Dust or Particulate Matter § Comes from smokestacks, farmers’ fields, construction sites, quarries, wind erosion § Reduces visibility § Small particles (< 10 μm) can be inhaled § Studies show that over a long period of time, this can cause lung damage
Pollution from fuel burning – factories, power plants, lawn mowers, BBQ grills, forest fires § CO reduces the ability of the blood to carry oxygen, effects central nervous system, causes sluggishness. § NOx contributes to ozone formation, adds nutrients to Chesapeake Bay, acid rain component. § SO 2 causes acid rain, may irritate lining of lungs.
Hazardous Air Pollutants § Approximately 188 chemicals on list, including mercury ( from coal plants) lead, formaldehyde § Causes birth defects § Cancer § Burning eyes, lungs, skin § Damage to the environment www. epa. gov/ttn/atw/allabout. html
Indoor Air Pollution Air quality in homes is also a concernaccumulations of dust, dander, mold spores, VOC’s released from furniture, carpets, paints, etc. , § as our houses become more energy efficient their air quality can decrease!
Indoor Air Pollutants § § § Radon – 222 Asbestos Formaldahyde Tobacco Smoke Carbon monoxide
Radon-222 § Naturally occurring colorless and odorless radioactive gas. § Radon is found in soil and rock surrounding a house foundation. § Long term exposure can cause lung cancer. § If detected, should be vented to outside or source sealed off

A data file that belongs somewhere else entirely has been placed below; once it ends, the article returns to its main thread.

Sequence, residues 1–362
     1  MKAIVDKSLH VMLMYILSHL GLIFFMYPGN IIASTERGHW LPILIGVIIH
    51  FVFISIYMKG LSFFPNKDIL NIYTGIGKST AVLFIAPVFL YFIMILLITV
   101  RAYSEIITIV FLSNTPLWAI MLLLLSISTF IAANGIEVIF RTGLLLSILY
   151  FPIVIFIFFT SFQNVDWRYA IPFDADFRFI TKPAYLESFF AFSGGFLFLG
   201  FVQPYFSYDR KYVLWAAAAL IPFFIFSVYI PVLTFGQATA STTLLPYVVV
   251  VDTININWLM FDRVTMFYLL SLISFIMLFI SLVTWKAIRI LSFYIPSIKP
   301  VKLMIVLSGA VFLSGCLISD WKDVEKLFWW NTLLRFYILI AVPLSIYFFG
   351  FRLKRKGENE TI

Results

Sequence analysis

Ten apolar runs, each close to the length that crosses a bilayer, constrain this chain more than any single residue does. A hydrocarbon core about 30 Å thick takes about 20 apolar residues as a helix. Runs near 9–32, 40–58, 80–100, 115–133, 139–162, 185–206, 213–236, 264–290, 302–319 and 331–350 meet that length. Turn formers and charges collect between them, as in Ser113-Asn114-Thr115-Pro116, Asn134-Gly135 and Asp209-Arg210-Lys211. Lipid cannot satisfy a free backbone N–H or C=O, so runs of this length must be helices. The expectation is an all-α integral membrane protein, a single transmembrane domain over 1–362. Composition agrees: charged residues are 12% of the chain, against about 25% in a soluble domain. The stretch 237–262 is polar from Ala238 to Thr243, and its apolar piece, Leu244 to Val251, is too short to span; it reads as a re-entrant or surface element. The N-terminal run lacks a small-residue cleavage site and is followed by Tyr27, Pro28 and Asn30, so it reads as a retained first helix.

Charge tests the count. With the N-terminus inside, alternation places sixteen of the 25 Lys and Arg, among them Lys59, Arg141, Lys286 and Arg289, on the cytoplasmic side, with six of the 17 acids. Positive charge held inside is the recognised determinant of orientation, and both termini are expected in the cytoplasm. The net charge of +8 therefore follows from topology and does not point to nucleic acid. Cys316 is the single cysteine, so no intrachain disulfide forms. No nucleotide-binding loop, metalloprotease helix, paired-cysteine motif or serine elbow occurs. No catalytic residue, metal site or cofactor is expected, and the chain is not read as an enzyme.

Asbestos § A material often found in older house and buildings. Used to insulate pipes, ceiling tiles, and floor tiles. § When asbestos becomes old it is known as friable. § Friable asbestos is dangerous because it can be inhaled into ones lungs and scar the lung tissue causing lung cancer.
Formaldehyde § A colorless, extremely irritating chemical. § Found in many building materials such as plywood, particleboard, paneling, furniture, drapes, adhesives in carpeting.
Tobacco Smoke and Carbon Monoxide § Cigarettes § Cause lung cancer, respiratory ailments, heart disease. § Carbon Monoxide is caused by faulty furnaces, unvented gas stoves and kerosene heaters and wood stoves that don’t burn efficiently.
Regulations to Protect the Air § Industrial Revolution created soot, smoke and other pollutants which caused health problems and many deaths. § Local jurisdictions were responsible for regulating pollution. § 1970 the newly formed Environmental Protection Agency was tasked with the Clean Air Act.
Clean Air Act § § Sets standards for air quality (NAAQS) Based on health studies Protects the most sensitive people Requires new sources to use pollution controls § Older sources will eventually get phased out (in theory) § Major sources must show no impact or must reduce pollutants if modifying or expanding
What can you do to reduce air pollution? § § § Carpool or reduce trips Do not let your car idle Use water-based paints, low-VOC solvents Consider hybrid cars Conserve electricity Recycle goods No open burning Maintain heaters/AC Use hand tools for yard work Buy low-energy appliances Insulate your home